WASHINGTON – Labor Secretary Alexander Acosta defended himself on Capitol Hill Wednesday in light of a recent ruling that he violated federal law when handling the sex trafficking case of a Palm Beach millionaire in the early 2000s.
Acosta said he did not violate the law when, as U.S. Attorney for the Southern District of Florida in 2008, he oversaw the case of Jeffrey Epstein, who was accused of sexually abusing dozens of teenage girls.
“We acted consistent with DOJ protocol, rules, and regulations,” Acosta said during a hearing on Capitol Hill. “That’s the position of the department, based on my understanding of the litigation across multiple administrations, across multiple attorneys general.”
In 2008, Acosta and others agreed not to prosecute Epstein, 66, in exchange for guilty pleas to two counts of prostitution and registration as a sex offender. The deal — exposed in the Miami Herald — allowed Epstein, a well-connected financier, to avoid a sentence of up to life in prison. Instead, Epstein served 13 months in a Palm Beach county jail, where he was allowed to come and go and conduct business, according to the Herald. He was released in 2009.
In March, U.S. District Court Judge Kenneth Marra ruled that the deal violated the Crime Victims’ Rights Act because victims were not notified ahead of time, depriving them of their right to discuss — and possibly derail — it.
During the hearing, Florida Democrat U.S. Rep. Frederica Wilson, who represents a district that includes parts of Miami-Dade and Broward counties, pressed Acosta about Judge Marra’s finding that Acosta “actively hid” the “odious deal” from Epstein’s victims. She said Acosta privately assured Epstein’s lawyers that he would not tell victims about the deal and that he directed prosecutors to refrain from issuing victim notification letters until after the deal was sealed. She asked how he could justify that.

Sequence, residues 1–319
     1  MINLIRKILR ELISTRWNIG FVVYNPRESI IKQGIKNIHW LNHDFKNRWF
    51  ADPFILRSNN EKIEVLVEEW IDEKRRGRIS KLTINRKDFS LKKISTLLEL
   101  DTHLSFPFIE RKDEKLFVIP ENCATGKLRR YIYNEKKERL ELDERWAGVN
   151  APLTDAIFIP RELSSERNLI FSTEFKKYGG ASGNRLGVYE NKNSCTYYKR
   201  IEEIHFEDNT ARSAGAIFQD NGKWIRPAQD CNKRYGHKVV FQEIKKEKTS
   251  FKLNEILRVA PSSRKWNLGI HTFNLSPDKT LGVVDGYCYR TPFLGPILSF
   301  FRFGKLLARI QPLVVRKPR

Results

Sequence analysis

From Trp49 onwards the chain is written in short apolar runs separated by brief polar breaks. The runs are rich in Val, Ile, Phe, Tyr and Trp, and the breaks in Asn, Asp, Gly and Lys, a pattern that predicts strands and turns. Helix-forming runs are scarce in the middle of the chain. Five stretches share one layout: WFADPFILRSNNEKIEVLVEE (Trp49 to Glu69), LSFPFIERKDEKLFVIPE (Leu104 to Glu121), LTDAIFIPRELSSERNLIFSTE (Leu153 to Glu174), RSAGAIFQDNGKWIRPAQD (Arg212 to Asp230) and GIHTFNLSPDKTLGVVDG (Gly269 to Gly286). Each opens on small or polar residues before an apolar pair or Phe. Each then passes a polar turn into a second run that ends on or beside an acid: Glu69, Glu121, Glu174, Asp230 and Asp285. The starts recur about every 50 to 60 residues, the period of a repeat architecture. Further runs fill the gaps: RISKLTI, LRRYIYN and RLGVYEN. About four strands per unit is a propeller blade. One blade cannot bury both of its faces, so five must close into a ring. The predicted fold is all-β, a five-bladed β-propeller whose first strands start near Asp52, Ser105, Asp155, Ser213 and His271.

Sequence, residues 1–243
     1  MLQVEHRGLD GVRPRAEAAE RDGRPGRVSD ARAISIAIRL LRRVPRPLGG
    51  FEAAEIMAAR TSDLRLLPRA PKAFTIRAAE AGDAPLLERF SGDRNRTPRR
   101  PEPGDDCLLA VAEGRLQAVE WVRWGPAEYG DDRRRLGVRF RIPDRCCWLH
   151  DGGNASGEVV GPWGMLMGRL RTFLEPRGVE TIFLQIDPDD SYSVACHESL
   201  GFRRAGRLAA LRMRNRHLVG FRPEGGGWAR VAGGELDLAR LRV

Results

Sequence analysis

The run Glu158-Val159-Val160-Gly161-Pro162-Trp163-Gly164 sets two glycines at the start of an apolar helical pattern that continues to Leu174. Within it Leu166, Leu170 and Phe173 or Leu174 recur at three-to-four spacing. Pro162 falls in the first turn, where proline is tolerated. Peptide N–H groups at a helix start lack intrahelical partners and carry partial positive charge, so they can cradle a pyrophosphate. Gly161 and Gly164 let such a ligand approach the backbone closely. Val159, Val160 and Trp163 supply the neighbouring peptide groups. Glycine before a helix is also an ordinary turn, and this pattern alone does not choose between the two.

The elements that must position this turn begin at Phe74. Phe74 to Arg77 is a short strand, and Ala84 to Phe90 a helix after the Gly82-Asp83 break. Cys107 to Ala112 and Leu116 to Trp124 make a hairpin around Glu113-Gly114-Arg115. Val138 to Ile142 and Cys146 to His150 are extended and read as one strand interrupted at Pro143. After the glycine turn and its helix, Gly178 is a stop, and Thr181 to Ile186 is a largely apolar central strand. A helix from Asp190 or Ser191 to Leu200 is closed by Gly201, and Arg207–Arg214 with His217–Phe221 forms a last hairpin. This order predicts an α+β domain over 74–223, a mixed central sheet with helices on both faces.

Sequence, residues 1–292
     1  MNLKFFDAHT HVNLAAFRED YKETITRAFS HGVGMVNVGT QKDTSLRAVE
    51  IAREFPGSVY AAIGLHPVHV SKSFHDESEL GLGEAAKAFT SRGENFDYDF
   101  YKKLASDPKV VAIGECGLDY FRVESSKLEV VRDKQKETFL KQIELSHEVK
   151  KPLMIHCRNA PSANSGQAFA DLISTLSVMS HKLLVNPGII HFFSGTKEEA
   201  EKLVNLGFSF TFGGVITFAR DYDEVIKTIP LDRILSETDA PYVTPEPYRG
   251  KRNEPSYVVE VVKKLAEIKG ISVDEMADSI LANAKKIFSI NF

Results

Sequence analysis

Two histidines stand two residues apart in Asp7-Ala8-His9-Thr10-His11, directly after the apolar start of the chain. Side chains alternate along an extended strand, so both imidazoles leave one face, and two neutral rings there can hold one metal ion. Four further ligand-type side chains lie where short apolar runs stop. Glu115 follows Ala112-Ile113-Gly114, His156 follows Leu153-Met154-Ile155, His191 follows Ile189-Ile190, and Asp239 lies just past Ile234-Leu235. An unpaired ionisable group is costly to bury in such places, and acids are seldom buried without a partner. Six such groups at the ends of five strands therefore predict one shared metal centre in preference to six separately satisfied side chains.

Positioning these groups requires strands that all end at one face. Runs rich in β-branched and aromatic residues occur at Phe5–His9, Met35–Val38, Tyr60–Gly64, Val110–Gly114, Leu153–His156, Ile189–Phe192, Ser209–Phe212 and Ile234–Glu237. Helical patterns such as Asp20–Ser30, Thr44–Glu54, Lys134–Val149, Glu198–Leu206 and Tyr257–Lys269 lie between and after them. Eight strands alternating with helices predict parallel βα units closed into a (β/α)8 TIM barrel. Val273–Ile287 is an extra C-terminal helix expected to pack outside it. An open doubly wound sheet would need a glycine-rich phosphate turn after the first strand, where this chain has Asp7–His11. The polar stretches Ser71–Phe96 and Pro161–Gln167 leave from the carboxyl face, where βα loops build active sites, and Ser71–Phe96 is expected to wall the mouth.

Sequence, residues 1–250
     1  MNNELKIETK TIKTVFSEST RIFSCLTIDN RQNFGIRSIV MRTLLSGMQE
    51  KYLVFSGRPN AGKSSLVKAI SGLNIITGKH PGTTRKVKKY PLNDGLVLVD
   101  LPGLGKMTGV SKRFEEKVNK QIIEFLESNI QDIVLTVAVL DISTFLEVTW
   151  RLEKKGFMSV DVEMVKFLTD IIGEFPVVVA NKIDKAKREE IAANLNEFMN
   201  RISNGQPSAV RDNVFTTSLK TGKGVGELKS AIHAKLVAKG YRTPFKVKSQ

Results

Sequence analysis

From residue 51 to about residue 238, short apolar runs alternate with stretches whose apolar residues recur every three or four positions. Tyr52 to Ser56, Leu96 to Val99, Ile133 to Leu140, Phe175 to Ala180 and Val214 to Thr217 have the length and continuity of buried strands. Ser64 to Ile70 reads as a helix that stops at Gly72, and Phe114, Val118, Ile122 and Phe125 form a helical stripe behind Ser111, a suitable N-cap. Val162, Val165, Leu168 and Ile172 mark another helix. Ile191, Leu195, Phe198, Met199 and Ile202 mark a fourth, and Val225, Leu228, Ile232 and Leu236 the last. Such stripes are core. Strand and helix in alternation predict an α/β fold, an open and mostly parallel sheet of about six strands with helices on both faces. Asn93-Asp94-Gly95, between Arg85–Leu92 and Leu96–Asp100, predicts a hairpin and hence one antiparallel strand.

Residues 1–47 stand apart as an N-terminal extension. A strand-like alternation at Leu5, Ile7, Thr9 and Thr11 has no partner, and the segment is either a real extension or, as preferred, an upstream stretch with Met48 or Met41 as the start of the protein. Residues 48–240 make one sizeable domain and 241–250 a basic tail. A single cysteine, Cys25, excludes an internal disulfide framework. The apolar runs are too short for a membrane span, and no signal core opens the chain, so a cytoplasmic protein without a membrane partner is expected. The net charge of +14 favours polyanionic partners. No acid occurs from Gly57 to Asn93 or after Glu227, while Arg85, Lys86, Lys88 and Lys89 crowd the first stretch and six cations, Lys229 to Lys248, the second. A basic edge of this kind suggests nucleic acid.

Acosta responded that the Department of Justice maintains that he did not violate federal law, a position he said the department has held for 12 years. Acosta added that the department’s concern was not that “we weren’t doing enough but … that we were too aggressive” in handling the case.
Many Florida Democrats have called for Acosta’s resignation in the wake of the scandal.
“The president should have long ago taken a very careful look at that,” said Rep. Donna Shalala, a Democrat representing the Miami area, who has not officially called for his resignation. “I’m surprised he’s still in office.”
When asked by the Florida Phoenix Wednesday about calls for his resignation, Acosta shook his head and declined to comment.
Shalala expects him to ride out the controversy. He “obviously will” continue to serve in his position unless President Trump asks him to resign, she said. “But the president has no morals on these kinds of issues, so I don’t expect the president to ask him.”